With a little more than a month under our belts in Morgantown, Charlie and I were getting more than a little homesick.
The long Labor Day weekend provided the perfect opportunity to pack up the car and head south. Who doesn’t like to drive for a total of 16 hours within three days, anyway?
Charlie, of course, kept to her usual road trip routine of out-the-window watching for about an hour and then crashed out in the backseat. Luckily, my audiobook kept me busy for the Morgantown-to-Chattanooga drive.
Not so luckily, its story was all wrapped up within the first hour of the Chattanooga-to-Morgantown trip, leaving me to balance the impulse to do my own out-the-window watching with the whole driving thing.
Don’t worry—this is not the column where I explain how I wrecked or almost wrecked my car and how I will be letting Jesus take the wheel from now on.
I’m a very adept multitasker and, as such, was able to pick out a few gems on the side of the road.
The road, or roads, included I-75, I-40, I-81, I-77, U.S. 19 and I-79.
Call it the Labor Day Points of Interest Map between Chattanooga, Tenn., and Morgantown, W.Va.
—The World’s Largest Guitar in Bristol, Tenn.: This guitar is a three-story and 70-foot-long monument of sorts that used to house a musical instrument retail store but is now promoted by the Tennessee Department of Tourism Development as a one-of-a-kind photo op ... if drivers can somehow safely get there.
—"Monitored by aircraft" signs in Virginia: Instead of simply posting the speed limit and relying on radar guns, the Old Dominion State ups the ante and patrols its interstates from the AIR!
—Museum of the Middle Appalachians in Saltville, Va.: Yes, in fact, the town once known as the Salt Capital of the Confederacy now also has this museum and the institution’s Ice Age fossils as its claims to fame.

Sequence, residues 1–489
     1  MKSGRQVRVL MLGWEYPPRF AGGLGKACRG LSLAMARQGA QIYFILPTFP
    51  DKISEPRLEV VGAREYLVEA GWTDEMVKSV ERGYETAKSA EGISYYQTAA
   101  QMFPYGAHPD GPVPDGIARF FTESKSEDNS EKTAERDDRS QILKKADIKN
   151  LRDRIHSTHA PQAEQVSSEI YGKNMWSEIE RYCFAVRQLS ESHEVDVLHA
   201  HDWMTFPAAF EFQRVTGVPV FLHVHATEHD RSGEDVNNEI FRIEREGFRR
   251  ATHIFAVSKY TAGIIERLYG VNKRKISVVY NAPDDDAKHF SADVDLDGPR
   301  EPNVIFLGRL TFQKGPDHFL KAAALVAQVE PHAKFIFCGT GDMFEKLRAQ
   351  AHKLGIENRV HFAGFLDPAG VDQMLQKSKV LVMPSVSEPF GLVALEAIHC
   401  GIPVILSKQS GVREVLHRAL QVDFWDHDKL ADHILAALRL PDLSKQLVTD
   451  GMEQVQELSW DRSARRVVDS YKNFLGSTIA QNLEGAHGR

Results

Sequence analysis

—Hungry Mother State Park in Marion, Va.: All I could think was, "Hungry Mother what?"
—Big Walker Mountain Tunnel and East River Mountain Tunnel in Virginia and West Virginia: Those tunnels that I panicked, I mean drove, through on the move up here? Still there. The first, at 4,229 feet long, leads into Jefferson National Forest; and the second, at 5,412 feet long, welcomes travelers in wild and wonderful West Virginia.
—Southern Xposure in Princeton, W.Va.: And roughly 10 miles up the interstate, those same travelers are briefed on West Virginia’s laws regarding strip clubs, thanks to the striking billboards for the Southern Xposure chain.
—"Afterlife is Hell without Him. Now you know.": I read this quote on a billboard somewhere between Princeton and Beckley just before 8 p.m. as the sun was setting, and I did not feel particularly more aware, Mr. Billboard Writer, of where I stood and all, thank you very much.
—Appalachian Bible College in Mt. Hope, W.Va.: At this point in the drive, it’s safe to safe I was thinking someone in West Virginia had a formula worked out here with the strip club, billboard and Bible college setup. Stimulation, damnation and salvation all in a 50-mile stretch?
—New River Gorge Bridge in Fayetteville, W.Va.: The bridge that appears on the West Virginia state quarter is not only 3,030 feet from end to end but also the longest, single-span steel arch bridge in the Western Hemisphere. Five qualifiers in one title never hurt anyone.
—Stonewall Jackson Lake State Park in Roanoke, W.Va.: Though not a state within the Confederacy, the Mountain State honored its native son in 1990 with the opening of this state park, which of course, is now also the site of a massive golf course restore.
—The WVU Coliseum in Morgantown, W.Va.: This was less of a find on the trip—though the stadium’s architecture does resemble the structure of a cupcake—and more of a glorious sign that I was finally done driving.
Because Charlie Barley Behringer could not simply disappear from Nooga.com, Mountain to Mountain will follow her and her mother's adventures, dispatch-style, in Morgantown as they tackle graduate school, first-year teaching and living in West by-God Virginia.